The conference was not as good a networking opportunity as I'd hoped, partly because all the sessions overran so we didn't actually have any mingling time, and partly because I had to leave ludicrously early because the last off-peak train is before 3 pm. Also because I was a bit silly and spent the only free ten minutes I had getting into conversation with people who work for British American Tobacco (I have a family connection with them too, you see), and they are utterly useless for networking because all cancer funders forbid their scientists to have anything to do with tobacco companies. But still interesting and fun; there was a very cute talk about using a slime mould based model for predicting which compounds are going to be too disgusting-tasting to be usable. Possibly only [personal profile] pseudomonas and [personal profile] coalescent will get why I find Dictyostelium endearing, but you know.


Jun. 6th, 2010 05:21 pm
liv: In English: My fandom is text obsessed / In Hebrew: These are the words (words)
So my local community don't quite have the confidence or the skills to run Saturday morning services. I planned a trial Saturday morning service for this weekend, and got some students involved. And it went really well; the first time they've had a normal Shabbat service in over a decade, maybe several decades (I got somewhat mixed reports). But anyway, we had a good turnout and everything went smoothly, and I managed to give people chances to be called up to the Torah and otherwise take active parts in the service, when it was a pretty big deal for them for various reasons.

There seemed to be general enthusiasm for trying to make this a regular event; I'm thinking once a term or possibly once a month if I'm feeling ambitious. And nobody was offended by my doing part of the service in English, or reading the Torah Ezra-style with a running translation (ably assisted by AF). So yes, generally successful.

Just for contrast, I spent this afternoon at a performance of The Merchant of Venice. review of the performance, and thoughts )

I don't think I'm going to make a habit of seeking out performances of The Merchant of Venice, but I'm glad I saw this one, which was of a very good quality for a student production. It's only a shame that the cast nearly outnumbered the audience; I hope they had a better turnout for other performances in the run.
liv: Table laid with teapot, scones and accoutrements (yum)
I feel amazingly lucky that I could just turn up here and slot into [personal profile] jack's social life. Thank you, Cambridge geeks, for being so welcoming to an outsider.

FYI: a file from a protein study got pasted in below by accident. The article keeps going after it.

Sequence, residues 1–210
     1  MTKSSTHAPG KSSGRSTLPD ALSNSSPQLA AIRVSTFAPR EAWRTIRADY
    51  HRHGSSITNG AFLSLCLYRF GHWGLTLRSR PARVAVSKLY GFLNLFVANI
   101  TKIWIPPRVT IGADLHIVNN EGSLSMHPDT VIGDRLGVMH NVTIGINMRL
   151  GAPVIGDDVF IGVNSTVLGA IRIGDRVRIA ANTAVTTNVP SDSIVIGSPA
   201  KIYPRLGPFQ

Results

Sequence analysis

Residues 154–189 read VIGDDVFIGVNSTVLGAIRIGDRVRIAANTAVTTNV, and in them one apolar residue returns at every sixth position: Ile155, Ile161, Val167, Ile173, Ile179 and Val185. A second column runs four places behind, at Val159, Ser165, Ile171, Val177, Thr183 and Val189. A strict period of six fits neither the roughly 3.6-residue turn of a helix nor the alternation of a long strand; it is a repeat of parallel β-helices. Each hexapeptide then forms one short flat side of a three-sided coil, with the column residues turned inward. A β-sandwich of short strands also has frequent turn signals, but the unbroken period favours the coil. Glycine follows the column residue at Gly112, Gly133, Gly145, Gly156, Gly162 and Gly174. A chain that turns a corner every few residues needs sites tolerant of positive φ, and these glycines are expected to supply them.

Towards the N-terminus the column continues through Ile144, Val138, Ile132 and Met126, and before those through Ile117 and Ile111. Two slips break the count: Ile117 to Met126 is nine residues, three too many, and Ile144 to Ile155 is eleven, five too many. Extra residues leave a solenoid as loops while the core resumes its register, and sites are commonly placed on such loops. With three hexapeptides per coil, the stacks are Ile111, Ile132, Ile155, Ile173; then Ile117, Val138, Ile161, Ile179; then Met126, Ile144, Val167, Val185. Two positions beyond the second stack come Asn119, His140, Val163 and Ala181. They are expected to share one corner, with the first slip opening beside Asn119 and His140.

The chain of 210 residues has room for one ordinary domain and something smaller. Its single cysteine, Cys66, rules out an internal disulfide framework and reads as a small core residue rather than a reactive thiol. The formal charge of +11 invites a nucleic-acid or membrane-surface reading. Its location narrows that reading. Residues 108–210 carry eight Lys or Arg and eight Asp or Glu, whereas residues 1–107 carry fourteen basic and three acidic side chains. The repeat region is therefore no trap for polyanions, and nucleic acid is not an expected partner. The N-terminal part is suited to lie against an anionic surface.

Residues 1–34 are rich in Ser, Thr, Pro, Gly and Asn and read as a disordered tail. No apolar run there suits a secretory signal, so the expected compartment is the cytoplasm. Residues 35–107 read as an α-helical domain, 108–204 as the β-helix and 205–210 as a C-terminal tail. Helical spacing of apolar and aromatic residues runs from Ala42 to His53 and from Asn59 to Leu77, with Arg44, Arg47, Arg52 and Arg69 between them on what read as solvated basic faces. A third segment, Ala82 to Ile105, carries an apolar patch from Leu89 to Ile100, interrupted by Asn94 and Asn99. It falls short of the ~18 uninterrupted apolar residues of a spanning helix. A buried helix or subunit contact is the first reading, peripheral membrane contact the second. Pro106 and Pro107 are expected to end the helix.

fun week )

The only downside to being back in Cambridge and in reach of lots of fun conversations and culture is that I can't actually breathe here. But hey, I'm actually doing better than normal so it's well worth it.
liv: cartoon of me with long plait, teapot and purple outfit (Default)
Reposting this on LJ to make sure people see it:

I'm planning to catch the end of the Cambridge Shakespeare Festival season. Anyone want to join me?

The plan is for the charity matinée of Measure for Measure tomorrow (Saturday), which is at 2:30 pm at Robinson College. My parents and [ profile] cartesiandaemon are probably coming along. You can't book tickets for the charity performances, so it's just a matter of showing up tomorrow afternoon. Obviously if you tell me you're planning to come I'll look out for you at Robinson, but it's not so important. The cost is £14 and the charities are a couple of children's hospices.
liv: A woman with a long plait drinks a cup of tea (teapot)
I would like to catch the tail end of the Cambridge Shakespeare festival this week. Anyone want to join me? There is Measure for Measure in Robinson, or The Tempest in Trinity, both 7:30 pm on Saturday night. MfM also has a charity matinée, 2:30 on Saturday afternoon. Tickets cost £14, which is a little steep but the Shakespeare festival have been pretty good in the past. Plus, outdoor Shakespeare in college gardens in period costume is always fun.
liv: cartoon of me with long plait, teapot and purple outfit (Default)
This relationship has brought a whole bunch of new experiences. One of them has been watching a TV show for more or less the first time since I left home in 1997. Lovely [ profile] cartesiandaemon sat me down and showed me episodes of Firefly, and I am completely bowled over by it. Now I finally understand why people want to form communities around squeeing and analysing and creating fanworks and being outraged when the show is cancelled prematurely.

baby fan )

Anyway, I've only watched as far as Jaynestown (watching in story order, not broadcast order), so please don't spoil me for any episodes after that.